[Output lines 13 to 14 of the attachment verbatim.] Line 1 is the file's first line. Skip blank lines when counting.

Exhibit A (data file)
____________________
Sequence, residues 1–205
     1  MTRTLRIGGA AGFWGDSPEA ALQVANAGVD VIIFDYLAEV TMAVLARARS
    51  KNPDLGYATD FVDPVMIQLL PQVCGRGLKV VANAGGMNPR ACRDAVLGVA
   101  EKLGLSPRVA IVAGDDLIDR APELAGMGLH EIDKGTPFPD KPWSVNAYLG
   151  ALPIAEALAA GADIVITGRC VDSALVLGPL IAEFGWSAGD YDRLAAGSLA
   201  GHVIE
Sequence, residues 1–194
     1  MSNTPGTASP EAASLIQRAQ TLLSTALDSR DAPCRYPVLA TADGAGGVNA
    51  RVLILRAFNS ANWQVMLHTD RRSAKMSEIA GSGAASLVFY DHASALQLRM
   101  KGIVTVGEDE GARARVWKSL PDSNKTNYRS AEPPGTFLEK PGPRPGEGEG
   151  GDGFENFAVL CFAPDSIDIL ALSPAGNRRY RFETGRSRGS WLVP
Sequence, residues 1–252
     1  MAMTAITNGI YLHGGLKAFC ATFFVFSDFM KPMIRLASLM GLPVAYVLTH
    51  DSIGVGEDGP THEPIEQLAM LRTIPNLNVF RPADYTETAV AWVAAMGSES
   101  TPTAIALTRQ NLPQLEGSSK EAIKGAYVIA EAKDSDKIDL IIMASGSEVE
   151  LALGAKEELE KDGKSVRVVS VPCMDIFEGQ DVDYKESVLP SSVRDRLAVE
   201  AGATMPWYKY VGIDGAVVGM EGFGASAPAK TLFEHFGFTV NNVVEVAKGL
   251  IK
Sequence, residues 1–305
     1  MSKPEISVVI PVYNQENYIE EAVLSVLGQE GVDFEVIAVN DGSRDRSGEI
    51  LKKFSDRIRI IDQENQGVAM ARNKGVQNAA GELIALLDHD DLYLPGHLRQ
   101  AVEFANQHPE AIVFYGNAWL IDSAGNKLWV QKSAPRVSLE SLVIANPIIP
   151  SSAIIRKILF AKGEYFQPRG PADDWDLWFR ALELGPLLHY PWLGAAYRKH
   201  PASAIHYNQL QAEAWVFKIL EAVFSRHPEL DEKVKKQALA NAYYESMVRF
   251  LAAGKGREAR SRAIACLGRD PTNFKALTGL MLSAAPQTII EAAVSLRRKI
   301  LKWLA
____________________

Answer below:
     1  MAMTAITNGI YLHGGLKAFC ATFFVFSDFM KPMIRLASLM GLPVAYVLTH
    51  DSIGVGEDGP THEPIEQLAM LRTIPNLNVF RPADYTETAV AWVAAMGSES